Clinton airport lands grant

CLINTON — A taxiway improvement project is in the works for the Clinton Municipal Airport.

Confirmed by Airport Manager Mike Nass, the project is set to replace the nearly 30-year-old runway at the complex, which Nass says has reached the end of its functional lifespan.

"The surfaces of these runways typically last anywhere from 20 to 30 years, so this one is at the end of its prime," Nass said Monday of the project. "Now, we really have to look at it from a safety angle and make the necessary upgrades to offer the best services that we can."

According to Nass, the current taxiway is roughly 25 feet wide, and has become slightly too narrow and unable to properly accommodate some of the larger aircraft coming into the airport. The manager placed a price tag on the improvements at $508,710.

A majority of that cost is already available, with $450,000 already in the bank, Nass said. In recent weeks, U.S. Sen. Dave Loebsack, D-Iowa, announced that a significant chunk of the funding, $382,500 to be exact, would be coming from the U.S. Federal Aviation Administration to help aid in the effort.

"The Clinton Municipal Airport plays a critical role in allowing the community to grow, as well as fuel additional economic development throughout the region,” Loebsack said. "I am pleased that Clinton Municipal Airport is receiving this competitive funding, helping the airport grow safely and effectively."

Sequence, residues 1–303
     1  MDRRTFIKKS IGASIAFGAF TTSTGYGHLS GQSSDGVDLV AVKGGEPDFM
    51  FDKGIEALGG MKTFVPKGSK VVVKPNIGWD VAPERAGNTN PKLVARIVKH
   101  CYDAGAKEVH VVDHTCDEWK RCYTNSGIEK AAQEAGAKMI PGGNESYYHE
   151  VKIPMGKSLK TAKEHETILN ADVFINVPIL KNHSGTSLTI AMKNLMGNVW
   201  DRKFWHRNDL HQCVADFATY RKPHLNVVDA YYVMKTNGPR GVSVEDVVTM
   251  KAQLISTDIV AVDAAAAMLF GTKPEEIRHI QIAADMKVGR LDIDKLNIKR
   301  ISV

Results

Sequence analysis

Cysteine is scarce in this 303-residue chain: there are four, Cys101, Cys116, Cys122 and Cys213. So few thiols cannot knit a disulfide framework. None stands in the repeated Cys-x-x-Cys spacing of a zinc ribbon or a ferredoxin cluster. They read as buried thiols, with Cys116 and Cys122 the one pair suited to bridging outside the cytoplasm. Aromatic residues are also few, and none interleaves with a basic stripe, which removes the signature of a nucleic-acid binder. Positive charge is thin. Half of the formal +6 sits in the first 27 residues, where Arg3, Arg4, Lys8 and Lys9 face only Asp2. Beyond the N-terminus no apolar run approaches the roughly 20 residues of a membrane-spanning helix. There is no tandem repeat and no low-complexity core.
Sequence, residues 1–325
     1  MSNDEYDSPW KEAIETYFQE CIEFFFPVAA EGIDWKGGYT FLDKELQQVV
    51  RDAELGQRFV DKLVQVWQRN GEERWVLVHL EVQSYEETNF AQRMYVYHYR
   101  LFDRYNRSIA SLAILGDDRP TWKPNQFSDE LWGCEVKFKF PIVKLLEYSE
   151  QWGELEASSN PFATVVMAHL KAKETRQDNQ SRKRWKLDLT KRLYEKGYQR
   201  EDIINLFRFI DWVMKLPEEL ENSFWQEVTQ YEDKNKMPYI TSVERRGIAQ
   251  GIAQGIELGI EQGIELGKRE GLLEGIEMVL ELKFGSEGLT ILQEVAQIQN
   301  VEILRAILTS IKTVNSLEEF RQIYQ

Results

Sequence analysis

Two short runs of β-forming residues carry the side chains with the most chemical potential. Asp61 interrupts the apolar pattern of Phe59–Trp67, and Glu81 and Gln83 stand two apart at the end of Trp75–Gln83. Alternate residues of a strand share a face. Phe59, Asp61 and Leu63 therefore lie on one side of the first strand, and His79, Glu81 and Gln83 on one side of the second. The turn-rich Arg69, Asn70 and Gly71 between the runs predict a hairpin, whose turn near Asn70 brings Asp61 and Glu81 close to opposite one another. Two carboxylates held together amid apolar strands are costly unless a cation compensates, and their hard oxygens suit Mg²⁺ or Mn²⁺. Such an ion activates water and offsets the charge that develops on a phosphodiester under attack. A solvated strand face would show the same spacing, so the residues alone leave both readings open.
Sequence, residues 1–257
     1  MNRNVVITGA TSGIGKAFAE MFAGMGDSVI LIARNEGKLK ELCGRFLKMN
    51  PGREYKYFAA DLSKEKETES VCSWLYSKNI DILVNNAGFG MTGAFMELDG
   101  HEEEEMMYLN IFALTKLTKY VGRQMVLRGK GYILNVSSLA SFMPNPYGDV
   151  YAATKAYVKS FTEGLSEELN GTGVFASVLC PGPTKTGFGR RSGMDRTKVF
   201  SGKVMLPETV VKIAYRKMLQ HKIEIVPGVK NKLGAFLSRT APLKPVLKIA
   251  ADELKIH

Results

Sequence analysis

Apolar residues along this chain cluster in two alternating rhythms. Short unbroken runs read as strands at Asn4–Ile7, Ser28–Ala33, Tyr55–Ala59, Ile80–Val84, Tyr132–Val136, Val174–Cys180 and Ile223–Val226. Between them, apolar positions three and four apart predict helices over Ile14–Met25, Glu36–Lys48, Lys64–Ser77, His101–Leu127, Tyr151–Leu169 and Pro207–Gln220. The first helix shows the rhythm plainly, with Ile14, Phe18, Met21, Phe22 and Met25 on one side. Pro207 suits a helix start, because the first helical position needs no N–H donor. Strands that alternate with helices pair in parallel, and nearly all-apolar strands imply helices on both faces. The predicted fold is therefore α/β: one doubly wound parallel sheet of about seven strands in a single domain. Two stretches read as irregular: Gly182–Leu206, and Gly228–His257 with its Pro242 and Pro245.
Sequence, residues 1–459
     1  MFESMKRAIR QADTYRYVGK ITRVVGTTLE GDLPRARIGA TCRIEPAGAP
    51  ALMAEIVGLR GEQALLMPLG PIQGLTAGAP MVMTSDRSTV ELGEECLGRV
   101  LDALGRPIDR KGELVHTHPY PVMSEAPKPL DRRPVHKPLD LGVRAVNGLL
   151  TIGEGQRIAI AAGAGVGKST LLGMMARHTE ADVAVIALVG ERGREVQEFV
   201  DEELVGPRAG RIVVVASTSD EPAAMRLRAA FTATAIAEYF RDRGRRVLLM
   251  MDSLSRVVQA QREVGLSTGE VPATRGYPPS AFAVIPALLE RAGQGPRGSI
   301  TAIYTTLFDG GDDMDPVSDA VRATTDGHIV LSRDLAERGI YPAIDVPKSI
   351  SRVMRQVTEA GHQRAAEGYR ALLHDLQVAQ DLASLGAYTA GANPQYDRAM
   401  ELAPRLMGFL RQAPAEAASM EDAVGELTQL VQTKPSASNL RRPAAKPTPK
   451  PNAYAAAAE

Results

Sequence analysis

Nass is confident the remaining $58,710 for the project will be easily attainable, and that the construction will be able to begin in a timely fashion – though he didn't give an exact starting date Monday.

The airport in recent years has been the subject of several key upgrades, including a new hangar and improvements to the main terminal, waiting area, pilots' lounge, and offices. The projects have been lauded by Clinton-area community members and incoming pilots and passengers alike.

Surprisingly, Nass said, the upcoming taxiway project won't put a hindrance on the airport's ability to serve customers while it's being completed.

"We'll actually be able to stay open," Nass said of the construction. "Once it's done, we're confident that the new, safer taxiway will be able to hold up for another 20 or 30 years or so, and hold up and be able to do what it's meant to do."